Monthly Archives: March 2014

Avoiding Security Vulnerabilities during Implementation

Once a solid approach to architecture threat analysis has been established, most of the remaining security vulnerabilities are coding problems, that is, poor implementation. Examples include injection issues, encoding issues, and other problems such as listed at the OWASP Top 10 Project.

While a checklist of best practices for developers can help with addressing some of these bad coding habits, a more structured and repeatable approach should be established as well. Static application security testing (or “Static Code Analysis” – SCA) can identify most of the code-level vulnerabilities that remain after a thorough architecture threat analysis. However, it is crucial that SCA is executed consistently and automatically.

A common best practices is to analyze any newly written source code prior to compilation or, for scripting languages, prior to promoting it for an intermediate release. Automating this process in a build system / continuous delivery tool chain makes this very scalable and can also ensure that developers follow specific secure coding best practices.

When implementing automated SCA during builds, the project owner needs to make a decision of whether to fail a product build if the SCA process fails. I generally recommend that a developer should be able to run the entire toolchain on their local machine. This allows them to run the entire build locally, as it would be executed on the central build server, with all checks and automated tests, before they commit to source control. This does not only ensure proper execution of security tests, but also other quality assurance tools such as regression testing.

The Hat of Shame (

The Hat of Shame (

However, to improve their productivity, the developers must have the option to skip tests locally. To avoid developers committing bad code to source control, and so trigger unnecessary builds on the central build server, they must also have the option to configure the same tools that are used in the build chain for use in their IDE – with the same rules as used in the central project configuration, so that they can execute the SCA while they are writing the code, and justify skipping the SCA build locally before checking in.

Using such a setup ensures that developers can deliver code that meets the individual project’s standards. I generally also recommend failing the build on the central integration build server if committed code does not meet these standards. In most cases, this is caused by a developer not using the toolchain (including the local tools for the IDE) as instructed and so causing unnecessary work and delays for the rest of the team – which means that this developer is entitled to wearing the hat of shame for a while.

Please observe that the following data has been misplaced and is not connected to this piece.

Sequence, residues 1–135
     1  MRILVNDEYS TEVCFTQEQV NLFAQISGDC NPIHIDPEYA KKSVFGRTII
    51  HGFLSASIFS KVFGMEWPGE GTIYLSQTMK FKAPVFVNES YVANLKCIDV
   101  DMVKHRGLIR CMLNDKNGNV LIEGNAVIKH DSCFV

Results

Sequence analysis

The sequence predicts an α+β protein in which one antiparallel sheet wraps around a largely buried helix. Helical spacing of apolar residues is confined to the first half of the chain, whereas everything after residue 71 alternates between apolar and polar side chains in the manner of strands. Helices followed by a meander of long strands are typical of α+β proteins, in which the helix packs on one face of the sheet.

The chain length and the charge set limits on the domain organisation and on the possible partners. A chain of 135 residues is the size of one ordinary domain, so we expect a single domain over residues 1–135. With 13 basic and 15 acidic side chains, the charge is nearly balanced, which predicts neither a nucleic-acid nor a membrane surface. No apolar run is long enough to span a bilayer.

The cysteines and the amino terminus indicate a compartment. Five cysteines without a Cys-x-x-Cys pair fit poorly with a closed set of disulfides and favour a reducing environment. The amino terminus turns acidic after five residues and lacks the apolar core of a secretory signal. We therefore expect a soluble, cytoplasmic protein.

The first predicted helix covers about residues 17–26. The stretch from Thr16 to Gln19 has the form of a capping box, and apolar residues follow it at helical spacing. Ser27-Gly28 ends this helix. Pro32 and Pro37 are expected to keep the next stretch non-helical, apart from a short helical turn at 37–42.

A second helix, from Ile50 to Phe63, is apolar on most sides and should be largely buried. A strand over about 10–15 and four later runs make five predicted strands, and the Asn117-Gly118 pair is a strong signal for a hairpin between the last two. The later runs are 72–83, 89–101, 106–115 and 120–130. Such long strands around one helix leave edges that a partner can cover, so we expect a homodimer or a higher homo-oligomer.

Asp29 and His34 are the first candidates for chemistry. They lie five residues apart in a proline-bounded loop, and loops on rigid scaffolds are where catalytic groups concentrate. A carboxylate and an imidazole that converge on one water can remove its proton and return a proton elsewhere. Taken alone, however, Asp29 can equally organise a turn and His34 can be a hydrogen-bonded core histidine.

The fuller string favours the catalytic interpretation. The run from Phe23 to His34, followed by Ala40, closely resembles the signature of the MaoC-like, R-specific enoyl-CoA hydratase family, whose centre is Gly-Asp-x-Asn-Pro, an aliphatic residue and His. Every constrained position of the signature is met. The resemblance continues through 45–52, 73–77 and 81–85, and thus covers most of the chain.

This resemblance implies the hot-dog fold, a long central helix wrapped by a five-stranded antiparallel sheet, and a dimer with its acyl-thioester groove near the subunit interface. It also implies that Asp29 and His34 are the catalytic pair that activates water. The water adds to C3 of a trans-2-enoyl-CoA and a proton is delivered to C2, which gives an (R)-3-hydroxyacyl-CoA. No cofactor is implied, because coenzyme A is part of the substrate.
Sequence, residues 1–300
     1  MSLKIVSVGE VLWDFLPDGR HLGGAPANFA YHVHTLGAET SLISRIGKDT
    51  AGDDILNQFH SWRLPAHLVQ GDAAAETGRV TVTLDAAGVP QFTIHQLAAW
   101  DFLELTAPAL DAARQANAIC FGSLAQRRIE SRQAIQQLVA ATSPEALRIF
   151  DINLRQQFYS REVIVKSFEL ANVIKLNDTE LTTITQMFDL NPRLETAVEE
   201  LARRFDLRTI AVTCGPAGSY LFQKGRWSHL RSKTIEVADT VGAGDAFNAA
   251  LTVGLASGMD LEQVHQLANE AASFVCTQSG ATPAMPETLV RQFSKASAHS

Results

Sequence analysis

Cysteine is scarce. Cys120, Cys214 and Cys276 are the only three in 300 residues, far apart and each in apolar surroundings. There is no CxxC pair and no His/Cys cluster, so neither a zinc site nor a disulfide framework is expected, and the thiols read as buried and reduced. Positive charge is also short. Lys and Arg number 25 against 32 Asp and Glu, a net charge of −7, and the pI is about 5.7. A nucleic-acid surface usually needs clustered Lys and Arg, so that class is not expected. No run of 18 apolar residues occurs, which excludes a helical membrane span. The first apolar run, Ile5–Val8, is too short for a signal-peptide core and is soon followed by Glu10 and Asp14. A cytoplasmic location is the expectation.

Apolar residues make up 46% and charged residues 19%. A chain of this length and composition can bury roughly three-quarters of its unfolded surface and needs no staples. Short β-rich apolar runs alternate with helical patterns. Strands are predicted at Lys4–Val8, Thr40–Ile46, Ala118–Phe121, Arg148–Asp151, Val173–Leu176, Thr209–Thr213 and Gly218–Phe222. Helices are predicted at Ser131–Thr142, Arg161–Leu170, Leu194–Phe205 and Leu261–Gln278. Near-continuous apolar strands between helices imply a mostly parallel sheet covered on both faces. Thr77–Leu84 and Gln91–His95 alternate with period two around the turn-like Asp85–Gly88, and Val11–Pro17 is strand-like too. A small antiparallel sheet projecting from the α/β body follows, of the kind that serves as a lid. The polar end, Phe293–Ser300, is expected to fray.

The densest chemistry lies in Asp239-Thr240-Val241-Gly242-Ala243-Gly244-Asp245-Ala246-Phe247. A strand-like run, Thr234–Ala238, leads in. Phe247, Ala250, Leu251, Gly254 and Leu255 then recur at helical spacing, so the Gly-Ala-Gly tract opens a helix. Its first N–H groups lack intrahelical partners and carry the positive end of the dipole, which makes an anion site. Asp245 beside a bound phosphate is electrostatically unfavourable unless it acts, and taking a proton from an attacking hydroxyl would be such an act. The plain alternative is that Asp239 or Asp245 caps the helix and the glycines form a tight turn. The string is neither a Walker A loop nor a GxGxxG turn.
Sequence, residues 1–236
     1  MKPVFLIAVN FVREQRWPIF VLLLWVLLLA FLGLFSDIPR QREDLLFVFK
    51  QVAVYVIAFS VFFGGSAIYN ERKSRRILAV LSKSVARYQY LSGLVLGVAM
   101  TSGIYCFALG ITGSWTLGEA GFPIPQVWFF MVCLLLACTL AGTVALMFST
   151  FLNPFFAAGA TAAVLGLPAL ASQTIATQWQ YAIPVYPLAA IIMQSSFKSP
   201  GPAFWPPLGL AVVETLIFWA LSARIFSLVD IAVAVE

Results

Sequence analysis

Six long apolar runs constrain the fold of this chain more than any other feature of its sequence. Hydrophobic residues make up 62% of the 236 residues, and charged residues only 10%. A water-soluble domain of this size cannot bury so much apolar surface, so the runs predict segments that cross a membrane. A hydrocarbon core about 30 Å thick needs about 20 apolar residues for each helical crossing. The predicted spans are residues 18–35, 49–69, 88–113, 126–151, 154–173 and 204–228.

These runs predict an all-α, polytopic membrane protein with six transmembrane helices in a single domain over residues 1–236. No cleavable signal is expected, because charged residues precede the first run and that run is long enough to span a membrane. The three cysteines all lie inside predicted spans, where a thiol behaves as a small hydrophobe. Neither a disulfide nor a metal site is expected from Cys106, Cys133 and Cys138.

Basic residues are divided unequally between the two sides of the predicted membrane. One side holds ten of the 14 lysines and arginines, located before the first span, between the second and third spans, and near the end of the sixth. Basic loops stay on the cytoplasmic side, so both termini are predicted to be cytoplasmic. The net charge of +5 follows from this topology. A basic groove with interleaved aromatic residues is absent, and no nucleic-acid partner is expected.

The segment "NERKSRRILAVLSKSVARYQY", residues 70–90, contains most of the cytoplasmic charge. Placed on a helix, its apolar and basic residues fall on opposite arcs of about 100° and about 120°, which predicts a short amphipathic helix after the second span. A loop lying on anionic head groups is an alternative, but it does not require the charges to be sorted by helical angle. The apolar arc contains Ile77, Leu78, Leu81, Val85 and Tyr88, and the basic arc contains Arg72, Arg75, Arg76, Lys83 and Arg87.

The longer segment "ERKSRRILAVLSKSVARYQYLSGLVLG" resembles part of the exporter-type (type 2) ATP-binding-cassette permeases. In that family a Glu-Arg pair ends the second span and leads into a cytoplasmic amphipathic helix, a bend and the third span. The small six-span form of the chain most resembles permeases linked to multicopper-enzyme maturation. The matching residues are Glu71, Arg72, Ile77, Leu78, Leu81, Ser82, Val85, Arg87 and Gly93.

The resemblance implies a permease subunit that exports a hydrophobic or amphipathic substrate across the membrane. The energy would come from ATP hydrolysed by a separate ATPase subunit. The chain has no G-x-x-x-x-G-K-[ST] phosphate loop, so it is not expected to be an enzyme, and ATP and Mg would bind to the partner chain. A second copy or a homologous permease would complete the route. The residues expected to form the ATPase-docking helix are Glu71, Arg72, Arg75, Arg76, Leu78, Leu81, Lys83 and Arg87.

Secure Development Lifecycle and Agile Development Models

The processes I described earlier for security requirements analysis and architecture threat analysis earlier seem very heavy weight, and a question that I get asked frequently is how to use such processes in agile models. At this time, HP is the third largest software company in the world (measured in total software revenue, behind IBM and Microsoft). There is a huge bandwidth of software development models in HP: I have been leading secure software development lifecycle (SSDLC) programs in both HP Software and HP’s Printing and Personal Systems group, working with teams that employed traditional models (“waterfall style”) as well as with teams that used more progressive models (Scrum, XP, SAFe, etc).

With all teams I worked with, it was possible to create an SSDLC program that accommodated the individual team’s working model. As an example, while a team using a traditional waterfall model will perform the requirements and the design analysis in their “planning stage”, an agile team will commonly have already completed these activities in their previous Potentially Shippable Increment (PSI). In other words, while the majority of developers in a team that uses e.g. SAFe may be working on PSI n, part of the team has already started work on the analysis of the requirements and design that will go into PSI n+1.

The steps that need to be performed in a secure development lifecycle program are independent of the development model, but how they are scheduled and executed may be different with every organization. It is important to design the SSDLC program to match a team’s needs, and it is equally important to create metrics for the SSDLC program to match an organization – making sure that the metrics reflect not only the aspects of the SSDLC program, but also fit into the existing model of how an organization is measured.